CAS  PubMed  PubMed Central  Google Scholar 

  34. 34.

    Gao, S., Ho, D., Vatner, D. E. & Vatner, S. F. Echocardiography in Mice. Curr Protoc Mouse Biol 1, 71–83 (2011).

    PubMed  PubMed Central  Google Scholar 

  35. 35.

    Odashima, M. et al. Inhibition of endogenous Mst1 prevents apoptosis and cardiac dysfunction without affecting cardiac hypertrophy after myocardial infarction. Circ Res 100, 1344–1352 (2007).

    CAS  Article  PubMed  Google Scholar 

  36. 36.

    Depre, C. et al. Activation of the cardiac proteasome during pressure overload promotes ventricular hypertrophy. Circulation 114, 1821–1828 (2006).

    CAS  Article  PubMed  Google Scholar 

  37. 37.

    Gelpi, R. J. et al. Genetic inhibition of calcineurin induces diastolic dysfunction in mice with chronic pressure overload. Am J Physiol Heart Circ Physiol 297, H1814–1819 (2009).

    CAS  Article  PubMed  PubMed Central  Google Scholar 

  38. 38.

    Guellich, A. et al. Effects of cardiac overexpression of type 6 adenylyl cyclase affects on the response to chronic pressure overload. Am J Physiol Heart Circ Physiol 299, H707–712 (2010).

    CAS  Article  PubMed  PubMed Central  Google Scholar 

  39. 39.

    Weinheimer, C. J., Lai, L., Kelly, D. P. & Kovacs, A. Novel mouse model of left ventricular pressure overload and infarction causing predictable ventricular remodelling and progression to heart failure. Clin Exp Pharmacol Physiol 42, 33–40 (2015).

    CAS  Article  PubMed  PubMed Central  Google Scholar 

  40. 40.

    Carluccio, E. et al. Usefulness of the severity and extent of wall motion abnormalities as prognostic markers of an adverse outcome after a first myocardial infarction treated with thrombolytic therapy. Am J Cardiol 85, 411–415 (2000).

    CAS  Article  PubMed  Google Scholar 

  41. 41.

    Moller, J. E. et al. Wall motion score index and ejection fraction for risk stratification after acute myocardial infarction. Am Heart J 151, 419–425 (2006).

    Article  PubMed  Google Scholar 

  42. 42.

    Duncan, R. F. et al. A study of the 16-Segment Regional Wall Motion Scoring Index and biplane Simpson’s rule for the calculation of left ventricular ejection fraction: a comparison with cardiac magnetic resonance imaging. Echocardiography 28, 597–604 (2011).

    Article  PubMed  Google Scholar 

Download references

Acknowledgements

The authors are grateful to Marc-Antoine Gillis and Emma Dedelis for their expert technical assistance. This study was supported by the Fondation de l’Institut de Cardiologie de Montréal (JL), the Heart and Stroke Foundation of Canada (JL) and Fonds de Recherche du Québec – Santé (JL).

Author information

Affiliations

Authors

Contributions

Study design: N.D., J.D., J.L. Experimentation: N.D. Echocardiography performance and analysis: Y.S., J.C.T. Data collection and analysis: N.D., M.T., J.L., J.D. Manuscript redaction: N.D., J.D., J.L. Critical review of manuscript: J.C.T., Y.S.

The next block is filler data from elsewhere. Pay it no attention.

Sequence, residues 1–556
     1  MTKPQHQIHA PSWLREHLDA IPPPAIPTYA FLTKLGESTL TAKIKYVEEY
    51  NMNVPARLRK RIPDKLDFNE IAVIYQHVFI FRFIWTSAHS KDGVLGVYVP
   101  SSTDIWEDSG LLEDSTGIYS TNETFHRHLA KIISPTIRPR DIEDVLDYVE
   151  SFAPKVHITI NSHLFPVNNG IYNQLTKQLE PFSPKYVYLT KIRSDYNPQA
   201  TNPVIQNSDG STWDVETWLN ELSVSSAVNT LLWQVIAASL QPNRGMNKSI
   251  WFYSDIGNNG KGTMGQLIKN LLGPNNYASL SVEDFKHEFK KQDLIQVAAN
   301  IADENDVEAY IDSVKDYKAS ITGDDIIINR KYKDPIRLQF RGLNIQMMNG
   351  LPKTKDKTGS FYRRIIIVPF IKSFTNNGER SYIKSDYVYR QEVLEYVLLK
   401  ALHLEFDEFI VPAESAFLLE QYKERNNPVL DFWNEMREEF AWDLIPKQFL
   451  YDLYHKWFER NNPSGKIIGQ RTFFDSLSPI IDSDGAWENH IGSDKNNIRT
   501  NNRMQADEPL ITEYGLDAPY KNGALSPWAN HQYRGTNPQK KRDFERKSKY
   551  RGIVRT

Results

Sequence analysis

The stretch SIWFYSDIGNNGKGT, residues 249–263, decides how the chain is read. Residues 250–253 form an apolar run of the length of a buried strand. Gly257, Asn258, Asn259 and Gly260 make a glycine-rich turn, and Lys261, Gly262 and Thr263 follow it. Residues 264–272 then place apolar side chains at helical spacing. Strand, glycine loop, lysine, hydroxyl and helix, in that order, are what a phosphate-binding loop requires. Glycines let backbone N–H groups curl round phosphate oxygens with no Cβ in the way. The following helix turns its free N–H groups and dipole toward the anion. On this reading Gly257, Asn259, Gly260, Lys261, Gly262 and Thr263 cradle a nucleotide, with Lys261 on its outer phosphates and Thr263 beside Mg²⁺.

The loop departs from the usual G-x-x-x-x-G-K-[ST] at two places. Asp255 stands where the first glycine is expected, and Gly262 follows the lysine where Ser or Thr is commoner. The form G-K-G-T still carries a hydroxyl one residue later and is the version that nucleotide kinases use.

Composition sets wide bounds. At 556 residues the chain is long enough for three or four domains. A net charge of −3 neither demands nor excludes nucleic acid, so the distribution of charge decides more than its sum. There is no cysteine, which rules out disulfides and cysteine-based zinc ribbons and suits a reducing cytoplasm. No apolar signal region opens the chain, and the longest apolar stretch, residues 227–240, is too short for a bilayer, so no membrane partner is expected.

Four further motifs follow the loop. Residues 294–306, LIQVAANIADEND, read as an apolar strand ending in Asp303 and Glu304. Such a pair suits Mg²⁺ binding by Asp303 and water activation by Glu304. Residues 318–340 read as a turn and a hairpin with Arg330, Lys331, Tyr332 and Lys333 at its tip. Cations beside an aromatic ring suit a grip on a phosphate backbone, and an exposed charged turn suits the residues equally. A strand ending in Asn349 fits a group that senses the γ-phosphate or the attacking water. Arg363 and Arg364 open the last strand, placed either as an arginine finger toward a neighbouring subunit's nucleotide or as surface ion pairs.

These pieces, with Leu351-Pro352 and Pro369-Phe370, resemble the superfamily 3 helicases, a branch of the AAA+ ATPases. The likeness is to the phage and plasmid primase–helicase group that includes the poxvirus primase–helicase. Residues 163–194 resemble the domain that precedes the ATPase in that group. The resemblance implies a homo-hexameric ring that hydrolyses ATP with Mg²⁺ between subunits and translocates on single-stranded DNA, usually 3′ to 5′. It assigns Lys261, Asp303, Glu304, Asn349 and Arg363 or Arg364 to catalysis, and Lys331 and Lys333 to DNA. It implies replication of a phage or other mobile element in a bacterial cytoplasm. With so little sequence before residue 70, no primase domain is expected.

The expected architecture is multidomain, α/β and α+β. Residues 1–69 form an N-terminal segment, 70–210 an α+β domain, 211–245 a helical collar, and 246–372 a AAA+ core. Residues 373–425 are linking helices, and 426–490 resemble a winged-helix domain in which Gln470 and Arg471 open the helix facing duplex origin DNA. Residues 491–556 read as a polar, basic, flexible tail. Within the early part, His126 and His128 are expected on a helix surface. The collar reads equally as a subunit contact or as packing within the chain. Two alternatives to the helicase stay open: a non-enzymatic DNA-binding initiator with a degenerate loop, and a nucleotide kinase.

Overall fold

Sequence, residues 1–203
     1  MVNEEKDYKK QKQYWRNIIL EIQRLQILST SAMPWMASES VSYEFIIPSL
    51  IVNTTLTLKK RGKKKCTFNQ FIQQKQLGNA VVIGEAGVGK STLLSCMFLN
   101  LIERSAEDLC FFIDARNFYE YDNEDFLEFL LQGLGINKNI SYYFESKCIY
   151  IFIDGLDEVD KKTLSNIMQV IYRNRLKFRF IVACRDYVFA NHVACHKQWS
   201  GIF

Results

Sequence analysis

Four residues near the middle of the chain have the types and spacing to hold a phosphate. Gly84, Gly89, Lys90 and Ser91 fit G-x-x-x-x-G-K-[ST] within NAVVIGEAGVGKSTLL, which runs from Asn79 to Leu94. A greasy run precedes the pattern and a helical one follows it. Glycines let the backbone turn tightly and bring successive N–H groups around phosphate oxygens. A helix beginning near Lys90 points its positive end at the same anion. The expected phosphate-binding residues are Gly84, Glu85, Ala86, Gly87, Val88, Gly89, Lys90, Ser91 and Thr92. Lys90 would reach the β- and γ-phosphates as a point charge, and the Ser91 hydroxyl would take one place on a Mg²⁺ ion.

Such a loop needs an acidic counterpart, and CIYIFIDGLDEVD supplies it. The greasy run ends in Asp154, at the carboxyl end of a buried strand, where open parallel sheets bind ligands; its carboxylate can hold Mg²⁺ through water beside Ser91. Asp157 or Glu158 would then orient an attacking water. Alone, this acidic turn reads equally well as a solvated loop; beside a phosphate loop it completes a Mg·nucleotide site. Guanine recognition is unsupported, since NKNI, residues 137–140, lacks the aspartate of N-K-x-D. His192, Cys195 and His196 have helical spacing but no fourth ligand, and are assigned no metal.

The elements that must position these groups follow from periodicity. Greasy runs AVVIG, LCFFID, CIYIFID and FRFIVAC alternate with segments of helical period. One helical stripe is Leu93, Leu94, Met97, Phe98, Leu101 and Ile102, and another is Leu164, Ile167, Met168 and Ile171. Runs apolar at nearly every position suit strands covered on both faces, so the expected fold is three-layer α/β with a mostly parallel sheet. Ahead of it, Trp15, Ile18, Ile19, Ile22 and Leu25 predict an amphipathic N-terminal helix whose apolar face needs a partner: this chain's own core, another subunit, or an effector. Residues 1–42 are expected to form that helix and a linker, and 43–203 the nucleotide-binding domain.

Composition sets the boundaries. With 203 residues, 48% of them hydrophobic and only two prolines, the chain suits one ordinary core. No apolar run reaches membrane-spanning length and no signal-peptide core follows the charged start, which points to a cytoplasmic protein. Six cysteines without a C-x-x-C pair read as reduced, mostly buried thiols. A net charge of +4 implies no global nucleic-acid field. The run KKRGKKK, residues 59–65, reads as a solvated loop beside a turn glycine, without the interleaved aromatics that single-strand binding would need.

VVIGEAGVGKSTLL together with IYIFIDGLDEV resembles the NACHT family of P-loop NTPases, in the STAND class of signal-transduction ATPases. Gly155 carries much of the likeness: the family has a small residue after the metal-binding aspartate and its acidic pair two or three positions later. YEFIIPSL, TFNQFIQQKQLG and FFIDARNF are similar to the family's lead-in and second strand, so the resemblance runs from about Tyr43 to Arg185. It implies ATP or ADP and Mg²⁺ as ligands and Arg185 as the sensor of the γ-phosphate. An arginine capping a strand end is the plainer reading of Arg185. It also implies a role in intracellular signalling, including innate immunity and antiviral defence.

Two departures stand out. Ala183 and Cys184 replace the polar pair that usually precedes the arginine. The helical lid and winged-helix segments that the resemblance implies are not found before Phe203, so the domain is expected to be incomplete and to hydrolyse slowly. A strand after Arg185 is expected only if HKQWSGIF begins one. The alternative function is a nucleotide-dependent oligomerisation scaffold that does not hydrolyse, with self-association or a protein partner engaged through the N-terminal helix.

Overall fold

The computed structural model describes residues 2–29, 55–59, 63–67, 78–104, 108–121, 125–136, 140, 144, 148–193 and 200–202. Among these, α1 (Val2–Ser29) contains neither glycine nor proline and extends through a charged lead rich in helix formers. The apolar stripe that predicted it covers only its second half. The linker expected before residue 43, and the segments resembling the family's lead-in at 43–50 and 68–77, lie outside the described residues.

Corresponding author

Correspondence to Dupuis Jocelyn.

Ethics declarations

Competing Interests

The authors declare that they have no competing interests.

Additional information

Publisher's note: Springer Nature remains neutral with regard to jurisdictional claims in published maps and institutional affiliations.

Electronic supplementary material

Rights and permissions

Open Access This article is licensed under a Creative Commons Attribution 4.0 International License, which permits use, sharing, adaptation, distribution and reproduction in any medium or format, as long as you give appropriate credit to the original author(s) and the source, provide a link to the Creative Commons license, and indicate if changes were made. The images or other third party material in this article are included in the article’s Creative Commons license, unless indicated otherwise in a credit line to the material. If material is not included in the article’s Creative Commons license and your intended use is not permitted by statutory regulation or exceeds the permitted use, you will need to obtain permission directly from the copyright holder. To view a copy of this license, visit http://creativecommons.org/licenses/by/4.0/.

Reprints and Permissions

About this article

Verify currency and authenticity via CrossMark

Cite this article

Dayeh, N.R., Tardif, JC., Shi, Y. et al. Echocardiographic validation of pulmonary hypertension due to heart failure with reduced ejection fraction in mice. Sci Rep 8, 1363 (2018). https://doi.org/10.1038/s41598-018-19625-2

Download citation

Further reading

Comments

By submitting a comment you agree to abide by our Terms and Community Guidelines. If you find something abusive or that does not comply with our terms or guidelines please flag it as inappropriate.

Search

Quick links

Nature Briefing

Sign up for the Nature Briefing newsletter — what matters in science, free to your inbox daily.

Get the most important science stories of the day, free in your inbox. Sign up for Nature Briefing